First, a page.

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Zucker Bakery Fulfills Your Jewish and South American Cookie Needs

Some sweet treats for sampling
Some sweet treats for sampling
Lauren Shockey

The promise of a bakery that sold both alfajores (the South American sweet filled with dulce de leche) and fruity-nutty Jewish staple rugelach sounded too good to be true. So we recently stopped by Zucker Bakery (433 East 9th Street, 646-559-8425), which opened a few weeks ago. Needless to say, we got our cookie on.

The bakery, which is kosher, takes up a small storefront in the East Village, with a couple of chairs and small tables for a country-living-room vibe (similar to the nearby Podunk). A counter overlooking the kitchen in the back displays the cookies available for purchase. Never one to shy away from cookie options, we went for a sampling of the goods.

Rugelach
Rugelach
Lauren Shockey

Up first was the rugelach. Filled with dates and nuts and lightly sprinkled with sugar, this cookie was good, if slightly less sweet than the rugelach we're used to -- not that that's a bad thing. Nicely spiced; we could see this accompanying a warm cuppa tea (or Stumptown coffee, which Zucker sells).

Chocolate bun
Chocolate bun
Lauren Shockey

Also on the lower end of the sweetness scale was the chocolate bun. Soft and squishy with just a touch of sugar coating on top, this is sort of like a mini babka.

Love cake
Love cake
Lauren Shockey

We also tried the "love cake," which was chock-full of dried apricots, hazelnuts, and almonds. It was probably our least favorite, but if you like fruitcake, you might be into it.

 

Alfajor
Alfajor
Lauren Shockey

The cookie that took our top honors was the alfajor because, really, how can you do wrong with dulce de leche and coconut? Right, you can't. It's on the small side, but makes up for it in sweetness and all-around deliciousness.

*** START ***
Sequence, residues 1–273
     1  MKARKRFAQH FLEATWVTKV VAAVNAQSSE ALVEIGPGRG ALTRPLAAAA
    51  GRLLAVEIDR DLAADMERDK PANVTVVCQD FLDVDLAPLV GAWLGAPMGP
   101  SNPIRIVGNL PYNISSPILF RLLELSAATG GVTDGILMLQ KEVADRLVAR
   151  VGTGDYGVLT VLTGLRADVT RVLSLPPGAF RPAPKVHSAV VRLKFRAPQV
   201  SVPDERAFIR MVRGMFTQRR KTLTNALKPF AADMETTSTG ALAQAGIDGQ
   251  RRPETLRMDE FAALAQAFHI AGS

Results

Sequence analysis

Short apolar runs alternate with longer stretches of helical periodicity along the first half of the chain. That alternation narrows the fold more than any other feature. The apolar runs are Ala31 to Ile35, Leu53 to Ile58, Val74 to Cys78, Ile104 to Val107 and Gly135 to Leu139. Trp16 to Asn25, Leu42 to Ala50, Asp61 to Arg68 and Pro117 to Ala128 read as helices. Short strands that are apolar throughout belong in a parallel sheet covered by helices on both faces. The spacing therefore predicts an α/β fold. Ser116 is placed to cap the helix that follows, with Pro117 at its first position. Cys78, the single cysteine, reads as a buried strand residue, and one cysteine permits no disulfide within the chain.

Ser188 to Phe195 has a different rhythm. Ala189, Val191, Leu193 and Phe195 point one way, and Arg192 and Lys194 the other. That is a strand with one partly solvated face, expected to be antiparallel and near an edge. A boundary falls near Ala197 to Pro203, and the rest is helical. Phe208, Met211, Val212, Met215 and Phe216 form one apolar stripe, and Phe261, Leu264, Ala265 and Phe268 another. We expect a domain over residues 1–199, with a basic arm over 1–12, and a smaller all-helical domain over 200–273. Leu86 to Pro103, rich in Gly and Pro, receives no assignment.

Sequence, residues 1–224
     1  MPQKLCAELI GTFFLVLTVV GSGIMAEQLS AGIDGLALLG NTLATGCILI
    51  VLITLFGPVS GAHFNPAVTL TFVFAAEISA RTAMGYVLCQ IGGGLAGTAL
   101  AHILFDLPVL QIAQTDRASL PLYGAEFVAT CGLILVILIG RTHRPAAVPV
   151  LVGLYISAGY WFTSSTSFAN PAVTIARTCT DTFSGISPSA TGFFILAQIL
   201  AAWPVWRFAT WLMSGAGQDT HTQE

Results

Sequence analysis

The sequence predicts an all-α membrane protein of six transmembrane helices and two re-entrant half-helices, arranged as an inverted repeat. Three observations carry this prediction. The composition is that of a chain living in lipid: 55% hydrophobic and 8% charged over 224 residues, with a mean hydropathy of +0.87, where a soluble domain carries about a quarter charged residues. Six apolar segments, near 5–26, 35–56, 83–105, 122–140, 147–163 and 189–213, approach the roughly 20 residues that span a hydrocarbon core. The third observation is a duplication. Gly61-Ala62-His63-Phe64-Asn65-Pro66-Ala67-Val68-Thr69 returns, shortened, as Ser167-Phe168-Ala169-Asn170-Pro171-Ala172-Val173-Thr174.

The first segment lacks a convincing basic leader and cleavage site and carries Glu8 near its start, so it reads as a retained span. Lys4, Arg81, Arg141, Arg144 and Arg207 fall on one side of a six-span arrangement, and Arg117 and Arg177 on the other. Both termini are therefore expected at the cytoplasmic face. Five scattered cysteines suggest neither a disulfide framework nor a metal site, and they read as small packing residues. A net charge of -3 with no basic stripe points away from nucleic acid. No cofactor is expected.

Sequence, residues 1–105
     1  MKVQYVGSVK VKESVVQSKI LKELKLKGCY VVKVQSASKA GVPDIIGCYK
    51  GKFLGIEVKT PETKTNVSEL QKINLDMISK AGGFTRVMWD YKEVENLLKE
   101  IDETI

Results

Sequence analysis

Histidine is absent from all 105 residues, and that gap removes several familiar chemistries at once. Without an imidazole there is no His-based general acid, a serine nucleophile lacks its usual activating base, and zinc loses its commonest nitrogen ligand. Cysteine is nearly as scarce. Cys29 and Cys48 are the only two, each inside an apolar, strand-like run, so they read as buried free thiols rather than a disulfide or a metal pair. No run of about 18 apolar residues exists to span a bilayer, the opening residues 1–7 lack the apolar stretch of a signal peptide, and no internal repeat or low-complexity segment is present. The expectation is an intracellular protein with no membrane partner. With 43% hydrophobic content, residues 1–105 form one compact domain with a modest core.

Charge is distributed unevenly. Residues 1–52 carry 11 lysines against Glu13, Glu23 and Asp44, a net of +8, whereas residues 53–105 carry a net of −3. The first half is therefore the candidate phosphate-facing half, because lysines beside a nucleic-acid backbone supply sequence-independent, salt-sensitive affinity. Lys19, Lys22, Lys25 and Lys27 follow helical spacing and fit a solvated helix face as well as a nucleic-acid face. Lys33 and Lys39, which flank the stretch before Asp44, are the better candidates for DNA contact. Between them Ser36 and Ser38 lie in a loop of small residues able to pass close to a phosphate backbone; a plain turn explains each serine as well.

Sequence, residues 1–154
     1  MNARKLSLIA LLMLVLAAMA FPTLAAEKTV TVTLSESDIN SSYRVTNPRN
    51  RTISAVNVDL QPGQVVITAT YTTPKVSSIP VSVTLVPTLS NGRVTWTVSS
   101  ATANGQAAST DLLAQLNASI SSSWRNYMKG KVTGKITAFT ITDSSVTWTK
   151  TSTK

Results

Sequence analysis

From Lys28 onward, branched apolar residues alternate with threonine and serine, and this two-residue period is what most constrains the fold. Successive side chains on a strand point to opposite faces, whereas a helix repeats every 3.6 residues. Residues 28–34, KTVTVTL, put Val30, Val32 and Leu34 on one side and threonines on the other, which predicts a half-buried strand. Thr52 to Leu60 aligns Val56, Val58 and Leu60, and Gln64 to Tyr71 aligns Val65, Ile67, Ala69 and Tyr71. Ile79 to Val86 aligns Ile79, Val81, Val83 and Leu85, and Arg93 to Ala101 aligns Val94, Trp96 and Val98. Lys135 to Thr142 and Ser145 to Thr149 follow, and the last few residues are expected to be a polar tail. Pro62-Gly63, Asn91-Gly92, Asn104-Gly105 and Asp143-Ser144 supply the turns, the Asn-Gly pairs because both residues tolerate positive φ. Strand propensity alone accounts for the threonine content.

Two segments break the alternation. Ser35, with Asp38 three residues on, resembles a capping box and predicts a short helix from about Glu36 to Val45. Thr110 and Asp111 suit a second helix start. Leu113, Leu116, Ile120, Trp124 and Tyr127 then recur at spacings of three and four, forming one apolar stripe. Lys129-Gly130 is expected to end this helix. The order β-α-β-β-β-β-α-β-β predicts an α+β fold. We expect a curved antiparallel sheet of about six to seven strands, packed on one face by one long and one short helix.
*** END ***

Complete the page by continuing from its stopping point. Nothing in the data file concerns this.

Za'atar crackers with labne
Za'atar crackers with labne
Lauren Shockey

Zucker also offers a selection of savory cookie-crackers. We were taken with the idea of crackers filled with za'atar, the Mediterranean spice blend of hyssop, dried thyme, seasame seeds, and sumac. For $5, you can get six of the crackers along with a small container of labne (a super thick strained Middle Eastern yogurt) topped with more za'atar and a few unpitted olives. While the za'atar and labne flavor pairing is spot-on, it's a little odd scooping the crackers into the dip, but would make for a good snack if you were searching for something healthier than, say, a bag of chips.

All the above sweets and savory crackers came to a total of $10, with individual items priced at about $1 to $2 -- pretty reasonable, though it's important to keep in mind that the cookies here are smaller than ones at other bakeries around the city. But the selection is unique and feels very personal, and, indeed, many of the cookie recipes come from owner Zohar Zohar's friends and relatives. A portrait of a life, in cookies.

For more dining news, head to Fork in the Road, or follow us @ForkintheRoadVV, or me @ldshockey.


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